Governor Doug Ducey
Maricopa County Attorney Allister Adel
Maricopa County Sheriff Paul Penzone
From: Arizona Science Policy Network
Date: October 1, 2020
Re: Reducing exposure to COVID-19 in the incarcerated population
In Arizona, the incarcerated, facility staff, and residents of surrounding communities face unique challenges in protecting themselves against COVID-19. As federal public health guidelines are not completely met, the most effective way of reducing the incarcerated population’s exposure to, transmission of, and death from COVID-19 is to immediately reduce the population density in facilities.
Significance of Impact
As of October 1, Arizona ranks 12th in the number of total COVID-19 deaths in prisons (28 total deaths, or 7 deaths per 100,000 prisoners). The number of known cases per 10,000 prisoners is 118% higher than cases in Arizona overall . The majority of COVID-19 clusters in Arizona are connected to Arizona State Prison Complexes, including 305 cases in the Phoenix complex and 264 in the Lewis complex in Buckeye .
Inmates are 3 times more likely to die from and 5.5 times more likely to become infected by COVID-19 . The risk of exposure and transmission is exacerbated by close quarters within facilities. Cells should have at least 25 square feet of unencumbered space per person , which does not permit social distancing at the recommended 6-foot distance between individuals. Additionally, the effectiveness of social distancing is greatly dependent on complementary practices such as mask-wearing, which is currently not required in Arizona for all incarcerated individuals . According to the Prison Law Office, ADCRR and Centurion remain non-compliant or not transparent regarding frequency of disinfection, accessibility of COVID-19-related information, quarantining of new intakes, frequency of changing masks, and transferring those with positive cases from one unit or complex to another .
In response to the pandemic, jail/prison populations were initially reduced across the country. For example, Maricopa County saw a nearly 30% reduction in the jail population between the beginning of the pandemic and April 24 . However, reductions across Arizona have leveled off or reversed altogether. Reductions in incarcerated and detained populations must be continued consistently throughout the entirety of the pandemic.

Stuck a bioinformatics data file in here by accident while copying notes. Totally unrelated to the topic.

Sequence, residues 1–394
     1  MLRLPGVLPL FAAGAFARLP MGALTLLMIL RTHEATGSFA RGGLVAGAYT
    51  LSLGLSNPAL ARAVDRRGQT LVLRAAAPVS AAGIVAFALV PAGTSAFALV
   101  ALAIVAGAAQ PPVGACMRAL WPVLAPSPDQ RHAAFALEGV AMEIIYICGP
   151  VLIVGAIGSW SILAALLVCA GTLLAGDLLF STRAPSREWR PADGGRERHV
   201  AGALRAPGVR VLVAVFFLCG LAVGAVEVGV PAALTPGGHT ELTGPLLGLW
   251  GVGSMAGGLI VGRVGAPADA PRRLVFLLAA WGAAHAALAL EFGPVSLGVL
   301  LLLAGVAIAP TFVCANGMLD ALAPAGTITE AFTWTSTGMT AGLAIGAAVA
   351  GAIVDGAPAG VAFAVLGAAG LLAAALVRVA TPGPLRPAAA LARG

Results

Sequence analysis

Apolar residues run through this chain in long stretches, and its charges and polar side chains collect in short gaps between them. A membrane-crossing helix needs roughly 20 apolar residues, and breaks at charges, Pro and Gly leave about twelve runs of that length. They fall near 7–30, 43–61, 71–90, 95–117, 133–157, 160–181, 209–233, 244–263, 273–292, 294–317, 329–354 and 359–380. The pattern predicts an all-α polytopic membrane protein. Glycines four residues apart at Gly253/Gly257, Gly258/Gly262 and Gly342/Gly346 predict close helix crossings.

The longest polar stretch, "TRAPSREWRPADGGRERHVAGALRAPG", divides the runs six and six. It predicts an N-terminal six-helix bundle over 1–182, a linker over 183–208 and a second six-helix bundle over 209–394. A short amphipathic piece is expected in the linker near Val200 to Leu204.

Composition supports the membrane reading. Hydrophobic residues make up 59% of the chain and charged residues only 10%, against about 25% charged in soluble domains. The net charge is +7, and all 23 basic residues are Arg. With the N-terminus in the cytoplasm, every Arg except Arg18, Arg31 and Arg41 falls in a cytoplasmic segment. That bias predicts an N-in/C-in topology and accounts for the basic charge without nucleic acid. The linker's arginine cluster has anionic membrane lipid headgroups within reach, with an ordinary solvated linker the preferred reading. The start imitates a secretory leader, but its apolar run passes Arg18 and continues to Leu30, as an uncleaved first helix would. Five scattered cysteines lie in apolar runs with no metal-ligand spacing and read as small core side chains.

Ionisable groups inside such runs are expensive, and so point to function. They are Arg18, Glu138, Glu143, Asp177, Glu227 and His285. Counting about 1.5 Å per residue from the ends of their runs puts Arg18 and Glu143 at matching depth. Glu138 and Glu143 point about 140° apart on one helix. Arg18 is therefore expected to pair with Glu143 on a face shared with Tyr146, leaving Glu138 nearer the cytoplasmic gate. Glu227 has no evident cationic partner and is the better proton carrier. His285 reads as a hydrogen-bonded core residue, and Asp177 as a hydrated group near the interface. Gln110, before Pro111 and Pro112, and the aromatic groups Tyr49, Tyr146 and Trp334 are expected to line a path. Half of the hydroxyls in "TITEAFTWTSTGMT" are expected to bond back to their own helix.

- Immediately give court orders to release those in prisons located in Maricopa County who have already been granted clemency.
- Immediately release those in jails held on non-violent charges, as was done in Coconino County .
- Immediately release those held in ICE detention centers who do not have criminal convictions.
Administrators in ICE, the Federal Bureau of Prisons, Arizona State Prison Complexes, and Maricopa County must balance concerns of public safety with public health. For example, the Maricopa County Attorney and Sheriff initially prioritized releasing those “not considered to be a risk to the community” , while ICE is moving back to pre-pandemic scales of operations despite the pandemic continuing as usual, putting officers, migrants, and the detained at risk . Releasing the incarcerated involves risk of COVID-19 transmission to the public in that the incarcerated would likely be transferred from conditions of incomplete adherence to CDC guidelines. However, those who are already infected will be able to recover and prevent spread if in proper isolation outside of carceral facilities.
The success of this policy recommendation depends on it being followed until a COVID-19 vaccine is made widely available to the public, as well as to the incarcerated. Releasing non-violent offenders could reduce the incarcerated population by another 30%, allowing more inmates and detainees to maintain sufficient social distance.